I was at the North Rim for a few days in October 2015.  Left the day after the lodge closed, so there weren’t a lot of people there. Which was nice. Camped in a van outside of the park in the dispersed camping sites for two nights, then one in the park. Dispersed camping isn’t for everyone, and I’ve heared a few horror stories...

    Did the North Kaibab hike into the canyon to Roaring Springs. Park Rangers don’t recommend going further down than that on a day hike, cause you got to go back up. Beautiful hike. I got very hot the further down we went, and hiking out was a lot of work. 3000’ of elevation drop in roughly 4 miles.
    I'm reading that you should take a siesta during the hottest part of the day.
    After a few beers, I slept very well that evening.

    I definitely want to do the rim to rim hike before I kick off though. 

    Rim to rim is 25 miles.  That IS a hike, lol.

    Did you actually pack beers with you?!?  I was just thinking of packing  a bottle.  More bang for the buck!
    No. Had some at the lodge.

    When I used to go on my annual kayaking trips in the Boundary Waters Canoe Area in northern Minnesota, I had an extra camelback bladder that I’d fill with booze. Light weight, flexible, and packs better than an actual bottle.
  • rgambsrgambs Posts: 12,268
    I am trying to set up a North Rim Grand Canyon trip.

    Has anyone here done that?

    I'm also looking into the possibility of doing a Rim ti Rim trip.

    Any help on this would be appreciated!

    The North Rim is awesome!  We stayed at Lee's Ferry and did North Rim, Vermillion Cliffs White Pocket, Horseshoe Bend, and Lake Powell back in '10.  Highly recommend all of them.  We also did an unknown trail to the left before coming to the entrance gate on a whim, and it may have been the best view we got!  It overlooked the east end of the GC, you couldn't see down in at all, but you could see across that dead flat plain for untold miles.  The Colorado Canyon was like a razor blade gash, it has such impossibly vertical walls.  We called the view "Scar of the Earth" and then got ripped and forgot to take a picture at the trailhead.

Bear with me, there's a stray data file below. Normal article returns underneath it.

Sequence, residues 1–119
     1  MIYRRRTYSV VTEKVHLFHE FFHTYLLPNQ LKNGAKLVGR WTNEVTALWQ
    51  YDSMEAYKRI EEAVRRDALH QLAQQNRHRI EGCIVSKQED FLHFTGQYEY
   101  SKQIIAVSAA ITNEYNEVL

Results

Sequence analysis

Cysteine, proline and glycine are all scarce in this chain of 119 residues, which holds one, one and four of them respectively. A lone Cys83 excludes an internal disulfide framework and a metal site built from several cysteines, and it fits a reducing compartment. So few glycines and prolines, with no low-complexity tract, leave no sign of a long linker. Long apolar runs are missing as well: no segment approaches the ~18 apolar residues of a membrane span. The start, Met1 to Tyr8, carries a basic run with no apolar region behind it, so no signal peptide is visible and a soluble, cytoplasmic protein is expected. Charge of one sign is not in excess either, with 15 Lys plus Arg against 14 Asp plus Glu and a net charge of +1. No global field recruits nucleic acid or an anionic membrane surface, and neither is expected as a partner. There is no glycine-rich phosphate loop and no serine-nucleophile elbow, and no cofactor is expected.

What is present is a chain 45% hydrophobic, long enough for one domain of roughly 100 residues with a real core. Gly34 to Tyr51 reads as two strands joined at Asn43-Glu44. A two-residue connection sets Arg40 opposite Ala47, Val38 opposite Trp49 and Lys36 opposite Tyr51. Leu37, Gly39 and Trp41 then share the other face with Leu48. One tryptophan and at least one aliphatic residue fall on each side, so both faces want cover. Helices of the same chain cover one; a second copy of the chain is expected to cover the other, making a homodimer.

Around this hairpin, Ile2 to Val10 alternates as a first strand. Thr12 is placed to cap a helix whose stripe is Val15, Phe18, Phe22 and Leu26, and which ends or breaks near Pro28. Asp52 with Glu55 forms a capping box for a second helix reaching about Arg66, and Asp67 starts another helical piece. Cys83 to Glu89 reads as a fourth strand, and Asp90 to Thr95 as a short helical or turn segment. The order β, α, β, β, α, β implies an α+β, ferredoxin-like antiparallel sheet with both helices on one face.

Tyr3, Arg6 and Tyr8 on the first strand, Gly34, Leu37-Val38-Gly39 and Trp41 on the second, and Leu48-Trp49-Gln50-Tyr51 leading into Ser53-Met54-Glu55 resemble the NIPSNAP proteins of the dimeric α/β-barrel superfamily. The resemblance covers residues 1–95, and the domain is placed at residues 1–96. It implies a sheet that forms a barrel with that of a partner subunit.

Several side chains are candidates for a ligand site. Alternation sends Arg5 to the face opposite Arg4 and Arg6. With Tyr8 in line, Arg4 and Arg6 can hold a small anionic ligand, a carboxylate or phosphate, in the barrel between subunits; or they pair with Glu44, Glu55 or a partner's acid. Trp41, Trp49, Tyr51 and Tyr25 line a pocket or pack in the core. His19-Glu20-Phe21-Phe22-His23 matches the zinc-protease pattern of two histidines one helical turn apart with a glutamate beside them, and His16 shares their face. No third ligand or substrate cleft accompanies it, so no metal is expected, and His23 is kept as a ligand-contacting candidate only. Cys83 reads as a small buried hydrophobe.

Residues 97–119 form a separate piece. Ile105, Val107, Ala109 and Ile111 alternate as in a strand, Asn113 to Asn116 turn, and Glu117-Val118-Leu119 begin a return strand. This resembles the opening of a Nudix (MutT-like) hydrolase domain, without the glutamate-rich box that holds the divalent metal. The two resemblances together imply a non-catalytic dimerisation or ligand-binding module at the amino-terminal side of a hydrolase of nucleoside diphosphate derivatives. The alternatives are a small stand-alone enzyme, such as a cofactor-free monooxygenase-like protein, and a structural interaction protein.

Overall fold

No interest in the R2R, myself.  I get why some people want to crush it though.
    Monkey Driven, Call this Living?
  • darwinstheorydarwinstheory LaPorte, INPosts: 3,328
    We wavered back and forth on Glacier and Ireland for quite some time. We are traveling 8/17 - 8/24 this year. And the winner is:

    GLACIER!

    Tell me what you folks know about it. Let me be transparent here: we are not the most physical couple and definitely will not be scaling cliffs and the sort. But we will push ourselves and go on hikes/trails that 90% of people would pass by. Sure some of the pull-offs provide great views, but I love taking a couple hour hike to see a really great view that most people do not get to see. 

    Obviously, the Going to the Sun road is a must do out there. But what other recommendations do you folks have that may NOT make the first 3 pages of a travel brochure? I have also heard that the park really is even more astonishing on the Canadian side of the border. We are going to start our passport process tomorrow! We will be flying out there instead of driving, so that will allow us a couple extra days of sightseeing. Too bad it isn't closer to the Tetons.